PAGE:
Sunday 2 February 2020

Movie Review: U-571 (2000)

A World War Two submarine action film, U-571 offers combat thrills in tight quarters but with limited character depth.

With German U-boats dominating the North Atlantic, U-571 sinks an Allied merchant ship but is then itself damaged by depth charges. The US Navy quickly conceives of a ruse to disguise the submarine S-33 as a German rescue vessel, storm the U-571, and seize the Enigma cipher machine and its valuable code books.

Captain Mike Dahlgren (Bill Paxton) commands S-33, with Lieutenant Andrew Tyler (Matthew McConaughey) as his Executive Officer. The respect between the two men is undermined by some tension as Dahlgren does not believe Tyler is yet ready to command his own vessel and make life-or-death decisions in the heat of battle.

Joining them for this mission are Major Matthew Coonan (David Keith) and Lieutenant Michael Hirsch (Jake Weber). The crew members include Chief Gunner's Mate Henry Klough (Harvey Keitel) and Seaman Bill Wentz (Jack Noseworthy), who is half German. In rough seas the U-571 is captured, but enemy action throws the mission into disarray and Tyler finds himself unexpectedly in command and under extreme pressure to salvage a desperate situation.

The Allied attempts to capture and decipher Enigma resulted in many heroic missions, most of them completed by British naval forces. Here Hollywood takes over with a crass Americanization of history, the US Navy crew and commanders of S-33 portrayed as instrumental in the intelligence gathering war.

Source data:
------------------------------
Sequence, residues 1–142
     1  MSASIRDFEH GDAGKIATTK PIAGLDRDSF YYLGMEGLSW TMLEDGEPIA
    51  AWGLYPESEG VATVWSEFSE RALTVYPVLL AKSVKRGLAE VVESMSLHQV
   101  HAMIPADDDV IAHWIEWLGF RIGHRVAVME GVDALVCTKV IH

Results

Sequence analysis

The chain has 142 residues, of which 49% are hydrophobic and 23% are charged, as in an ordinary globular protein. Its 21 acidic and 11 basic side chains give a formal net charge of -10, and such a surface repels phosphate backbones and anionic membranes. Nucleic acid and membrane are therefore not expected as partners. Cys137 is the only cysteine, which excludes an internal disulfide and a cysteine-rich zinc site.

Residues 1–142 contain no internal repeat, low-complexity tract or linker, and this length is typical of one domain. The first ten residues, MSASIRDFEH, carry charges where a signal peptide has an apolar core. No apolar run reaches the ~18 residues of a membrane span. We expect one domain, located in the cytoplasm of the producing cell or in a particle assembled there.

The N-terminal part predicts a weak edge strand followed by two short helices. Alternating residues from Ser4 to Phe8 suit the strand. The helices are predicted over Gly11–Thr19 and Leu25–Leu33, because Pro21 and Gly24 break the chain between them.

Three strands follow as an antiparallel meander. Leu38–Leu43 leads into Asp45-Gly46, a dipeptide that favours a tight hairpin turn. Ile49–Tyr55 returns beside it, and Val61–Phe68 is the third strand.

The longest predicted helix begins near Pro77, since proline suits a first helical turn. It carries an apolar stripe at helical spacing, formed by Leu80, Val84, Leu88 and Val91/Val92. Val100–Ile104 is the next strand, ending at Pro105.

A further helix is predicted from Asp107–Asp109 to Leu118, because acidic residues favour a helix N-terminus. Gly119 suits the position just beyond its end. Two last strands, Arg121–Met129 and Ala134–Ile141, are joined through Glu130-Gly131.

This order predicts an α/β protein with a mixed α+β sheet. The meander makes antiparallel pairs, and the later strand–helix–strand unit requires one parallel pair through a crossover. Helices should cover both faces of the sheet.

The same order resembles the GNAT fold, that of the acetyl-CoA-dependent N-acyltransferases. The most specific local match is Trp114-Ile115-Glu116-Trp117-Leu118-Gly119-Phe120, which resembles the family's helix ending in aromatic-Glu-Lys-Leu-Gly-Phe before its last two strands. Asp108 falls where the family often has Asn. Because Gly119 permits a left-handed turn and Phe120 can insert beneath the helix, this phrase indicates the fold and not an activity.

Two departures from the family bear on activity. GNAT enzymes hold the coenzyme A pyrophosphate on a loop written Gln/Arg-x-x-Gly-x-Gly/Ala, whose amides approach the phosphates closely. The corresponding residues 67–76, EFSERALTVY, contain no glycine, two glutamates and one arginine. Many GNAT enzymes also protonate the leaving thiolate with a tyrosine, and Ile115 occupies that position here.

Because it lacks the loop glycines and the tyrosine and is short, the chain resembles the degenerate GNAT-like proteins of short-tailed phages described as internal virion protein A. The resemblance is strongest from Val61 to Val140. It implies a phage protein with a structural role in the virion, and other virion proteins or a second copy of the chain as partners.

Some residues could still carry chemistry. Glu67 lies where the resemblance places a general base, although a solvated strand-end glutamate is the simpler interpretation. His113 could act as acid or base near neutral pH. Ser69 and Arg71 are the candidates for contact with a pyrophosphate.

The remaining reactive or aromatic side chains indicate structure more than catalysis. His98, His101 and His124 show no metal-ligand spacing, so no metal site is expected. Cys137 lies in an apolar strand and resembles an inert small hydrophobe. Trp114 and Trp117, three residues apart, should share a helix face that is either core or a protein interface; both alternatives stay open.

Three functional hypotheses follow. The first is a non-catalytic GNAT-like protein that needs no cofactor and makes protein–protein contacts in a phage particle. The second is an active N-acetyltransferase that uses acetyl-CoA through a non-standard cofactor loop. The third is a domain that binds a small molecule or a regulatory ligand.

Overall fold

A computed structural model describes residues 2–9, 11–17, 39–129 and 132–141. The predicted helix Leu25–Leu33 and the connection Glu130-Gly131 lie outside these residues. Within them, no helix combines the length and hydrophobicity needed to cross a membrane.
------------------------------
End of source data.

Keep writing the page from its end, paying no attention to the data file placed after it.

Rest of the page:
Setting aside the snub, U-571 is a decent thriller within the typical limitations of a De Laurentiis production. Any half-hearted interest in people starts and ends in the first 10 minutes with Tyler's nose bent out of shape as a result of not receiving the commission he was hoping for. Once the S-33 mission gets underway the movie is all about hardware, torpedoes, depth charges and the typical thrills, spills, leaks, explosions, solar pings and stealthy combat expected from the submarine warfare sub-genre.

Director Jonathan Mostow co-wrote the screenplay (with David Ayer and Sam Montgomery), and delivers a taut if always-slightly-implausible two hours. The special effects and claustrophobic submarine cinematography convey the tension of enemy confrontations on the surface and underwater. The surprises arrive on cue, a few good men die, and heroics combine with out-of-the-box thinking as crews and machines are pushed to the limit, men sweating outwards in direct proportion to submarines leaking inwards.

The German submarine crew do receive several sequences at the center of the action and speak their own language, but are otherwise strictly confined to heartless enemy characterizations. Matthew McConaughey wears a grim and stony faced expression throughout, and the supporting cast members dutifully follow suit, including rock star Jon Bon Jovi stumbling into an acting gig.

U-571 reimagines history and celebrates machines more than people, but does it all with an admirably straight face.

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